XCOM: Droit du Serpent
Author’s Note: If you’re unfamiliar, XCOM is a strategy game that places you in control of XCOM, fighting against alien invaders. Lily Shen is from XCOM 2, at which point the aliens have already taken over, but a small band of resistance fighters, including Lily, continue to fight against them.
* * * * *
The Avenger slept. Beneath the moonlit night, it sat nestled within a canyon, deep enough to avoid Advent scanners, wide enough to allow for an emergency take-off in case it didn’t. Within its alien geometries and cavernous rooms, its massive power plant throbbed and hummed.
A few unlucky rookies on watch duty kept each other awake on the bridge with coffee and stories of missions both successful and failed. Everyone else was in bed, either sleeping or fucking. Everyone except for Lily Shen, Chief Engineer, that is, who was working alone in the Proving Ground, in sore need of both.
“Think this’ll do it, ROV-R,” she commented to the small robot hovering beside her, who whirred affirmatively. “Alright, test it out. Just a quick blast.”
ROV-R turned towards the articulated mannequin wearing a prototype E.X.O. Suit. The mannequin lifted its arm at a painted Viper target and pulled the trigger for the wrist-mounted flamethrower.
After Lily had put out the fire from the explosion, she sighed deeply. “We’ve got a problem, ROV-R… Any ideas?”
The Gremlin beeped and chirped. “You’re right! I forgot about those. I don’t think Dad ever got the chance to build one for real before… But I remember he had notes on powered armor that utilized flamethrower weaponry. With his notes, I bet I can get this thing working in time for that supply raid.
“Dad’s notes…where did I leave them?”
ROV-R whistled. “Great…” The Shadow Chamber… Central would give her an earful if he caught her in there without an armed escort. The last soldier who had dared had been reassigned to a New Arctic reconnaissance base indefinitely. It could probably wait until morning…
…But that would be half a day wasted. And that convoy could leave for Berlin any moment. Even a delay of a few hours could be the difference between the strike team having a new weapon or not.
“ROV-R, disable the security cameras outside and inside the Shadow Chamber,” she instructed, grabbing a pistol from its rack and her bag of tools. “Anyone asks, we’re there to fix the cameras. And if we get caught in the Shadow Chamber…well, I’ll come up with something.”
* * * * *
Lily opened the door to the Shadow Chamber. “Stay here, ROV-R. Keep guard. I’ll be right back,” she instructed the Gremlin. She walked inside. Unsleeping monitors bathed the room in an eldritch, amethyst glow. It was cold, far chillier than the rest of the Avenger. Even at the best of times, the room was unsettling. Alone, at night? It was downright creepy. Not even the mag pistol on her hip gave her much comfort.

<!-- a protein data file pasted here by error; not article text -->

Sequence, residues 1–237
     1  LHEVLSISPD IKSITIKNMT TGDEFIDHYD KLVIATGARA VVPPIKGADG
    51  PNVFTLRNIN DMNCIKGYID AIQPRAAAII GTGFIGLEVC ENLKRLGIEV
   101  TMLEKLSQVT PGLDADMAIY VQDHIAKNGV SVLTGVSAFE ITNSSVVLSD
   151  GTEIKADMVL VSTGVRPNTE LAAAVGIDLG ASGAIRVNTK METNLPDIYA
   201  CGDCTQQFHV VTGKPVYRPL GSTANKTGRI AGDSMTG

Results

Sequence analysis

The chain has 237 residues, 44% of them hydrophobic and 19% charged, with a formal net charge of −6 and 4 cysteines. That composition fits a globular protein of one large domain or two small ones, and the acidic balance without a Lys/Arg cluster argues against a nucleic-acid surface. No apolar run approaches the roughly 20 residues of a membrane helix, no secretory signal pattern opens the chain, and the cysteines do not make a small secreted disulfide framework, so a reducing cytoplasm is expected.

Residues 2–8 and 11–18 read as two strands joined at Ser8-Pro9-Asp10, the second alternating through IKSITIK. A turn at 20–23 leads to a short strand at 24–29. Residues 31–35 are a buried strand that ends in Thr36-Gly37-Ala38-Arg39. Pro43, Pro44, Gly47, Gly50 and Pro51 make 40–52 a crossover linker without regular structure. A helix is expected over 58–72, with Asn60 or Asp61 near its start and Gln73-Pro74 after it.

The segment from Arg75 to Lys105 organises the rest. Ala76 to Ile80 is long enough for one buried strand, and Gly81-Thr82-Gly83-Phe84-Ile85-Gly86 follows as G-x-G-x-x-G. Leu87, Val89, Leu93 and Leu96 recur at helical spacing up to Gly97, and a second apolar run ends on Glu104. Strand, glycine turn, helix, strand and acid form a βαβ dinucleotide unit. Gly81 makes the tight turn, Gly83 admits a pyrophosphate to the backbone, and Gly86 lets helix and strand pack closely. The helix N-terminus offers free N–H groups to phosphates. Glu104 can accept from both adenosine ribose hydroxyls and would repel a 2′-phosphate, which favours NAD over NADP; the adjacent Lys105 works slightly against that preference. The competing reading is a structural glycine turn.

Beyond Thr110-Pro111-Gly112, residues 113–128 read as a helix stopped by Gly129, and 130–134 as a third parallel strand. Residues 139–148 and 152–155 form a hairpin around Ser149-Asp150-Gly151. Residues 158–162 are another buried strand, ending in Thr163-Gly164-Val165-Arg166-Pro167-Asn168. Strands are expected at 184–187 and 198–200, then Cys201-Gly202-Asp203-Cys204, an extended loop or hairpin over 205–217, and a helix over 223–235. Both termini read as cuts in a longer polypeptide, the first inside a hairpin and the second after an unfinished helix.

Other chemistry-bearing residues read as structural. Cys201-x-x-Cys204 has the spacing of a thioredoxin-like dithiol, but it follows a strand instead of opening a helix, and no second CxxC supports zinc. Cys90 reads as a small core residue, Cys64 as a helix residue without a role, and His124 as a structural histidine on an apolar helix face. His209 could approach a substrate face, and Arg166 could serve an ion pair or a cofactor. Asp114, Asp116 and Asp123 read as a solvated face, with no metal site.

Of course, Lily mused, had she actually been alone, it would have been far preferable. But the room contained one other occupant. Sealed within a reinforced-glass cylinder in the center of the room was Subject Gamma. His long, pallid body curled up within the container, his mazarine stripes and ebony spikes the only color on that ivory form.
Bradford has christened him the Viper King, but Lily personally disapproved of the name. She saw nothing kingly in that king’s behavior. It was a monster, plain and simple. It had killed Sergeant Liu when XCOM had first discovered his nest, and would have murdered Bradford, too, were it not for a lucky shot with an antiquated arc thrower that had stunned the monster long enough for it to be retrieved alive. As it was, it had broken two of Bradford’s ribs. Keeping something so dangerous on board the ship just to satisfy the doctor’s curiosity struck Lily as idiocy bordering on the suicidal, but the commander had assented to Tygan’s bold undertaking, and that was that.
At the very least, Lily had ensured that the Shadow Chamber was well-equipped to hold the serpent. Sometimes she thought that she should find some Schadenfreude in the doctor’s experiments on Gamma, but despite its monstrosity, she could derive no joy from its pain and imprisonment. It should be euthanized and dissected. But if the doctor could save a single human’s life or shorten the war by a single day through his studies, then it was for the greater good, she reasoned. Didn’t mean she liked it. Continue reading